On this page, you will find continuously updated information on all keynotes held during the conference. All keynotes are open to the public.
Affective Publics: News Storytelling, Sentiment and Twitter
Prof. Dr. Zizi Papacharissi (University of Illinois at Chicago)
Thursday, June 29, 6.15pm
Social media excite the public imagination with their potential for democratization, newer forms of news storytelling and social change. Digitally aided waves of civil unrest invite speculation on whether social media make or break the pace of revolutionary movements. Focusing on the Arab Spring and Occupy, this talk begins by examining the role and meaning of social media, and Twitter specifically, for the social networks driving these movements. Data from recent studies undertaken at the University of Illinois at Chicago are presented in explicating the relevance of the platform for contemporary news storytelling, framing, and gatekeeping. The talk concludes with an emphasis on the concept of affective publics, and how these public formations sustain all forms of mobilization, including recent waves of populism.
Affective Politics in Video Activism
Prof. Dr. Jens Eder (Filmuniversität Babelsberg Konrad Wolf, Potsdam)
Friday, June 30, 1.30pm
Online videos play crucial roles in political communication, and even more so since social media are following the rule of ‘video first’ (Zuckerberg). They attract attention, activate the senses, provide evidence, condense meanings and mobilize audiences by triggering a wide range of political affects and emotions. Activist groups and NGOs have been among the first to use those potentials in creative and effective ways, thereby contributing to the emergence of various new video forms, genres, and practices. The presentation suggests a model to explain the affective power of political videos and distinguishes between several affective strategies.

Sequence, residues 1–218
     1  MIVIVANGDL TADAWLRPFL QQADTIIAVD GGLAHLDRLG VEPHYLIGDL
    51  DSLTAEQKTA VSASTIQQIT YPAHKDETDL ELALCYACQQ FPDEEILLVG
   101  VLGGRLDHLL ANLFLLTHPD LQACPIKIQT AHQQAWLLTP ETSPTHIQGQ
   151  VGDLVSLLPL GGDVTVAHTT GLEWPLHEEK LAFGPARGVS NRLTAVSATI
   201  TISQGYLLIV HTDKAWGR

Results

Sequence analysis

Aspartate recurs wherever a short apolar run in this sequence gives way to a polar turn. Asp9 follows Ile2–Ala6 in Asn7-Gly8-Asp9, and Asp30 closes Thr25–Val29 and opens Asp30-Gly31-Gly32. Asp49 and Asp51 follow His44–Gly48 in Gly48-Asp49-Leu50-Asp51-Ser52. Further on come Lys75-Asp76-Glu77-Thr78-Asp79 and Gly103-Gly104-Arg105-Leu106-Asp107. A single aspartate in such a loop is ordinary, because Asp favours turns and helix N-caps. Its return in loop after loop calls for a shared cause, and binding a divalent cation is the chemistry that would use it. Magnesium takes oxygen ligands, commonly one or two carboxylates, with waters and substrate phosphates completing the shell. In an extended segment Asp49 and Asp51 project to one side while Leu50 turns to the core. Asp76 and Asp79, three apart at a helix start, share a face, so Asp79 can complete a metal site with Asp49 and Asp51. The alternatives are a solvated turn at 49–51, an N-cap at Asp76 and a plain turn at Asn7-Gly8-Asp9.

What’s going on? Mapping the affective work of media
Prof. Dr. Brigitte Hipfl (Universität Klagenfurt)
Saturday, July 1, 9.15am
This presentation is an attempt to illustrate how the turn to affect ín media and communication studies offers a way for a deeper understanding of contemporary media culture. With a focus on the affective processes that are at work, I will draw a cartography of the dynamics, power relations and potentialities of various forms of media and media use. This entails a shift from asking what media represent and how media practices are to be differentiated, typologized or categorized to the question of what media and media practices do. What kind of connections are formed, what desires are produced, and what assemblages are materialized? Referring to several case studies, this presentation will illustrate how power is performed through the modulation of affect and, at the same time, how new potentialities possibly emerge. The presentation will end with a plea for situated, embodied and embedded research, and the challenge for communication scholars to become more attuned to affective processes.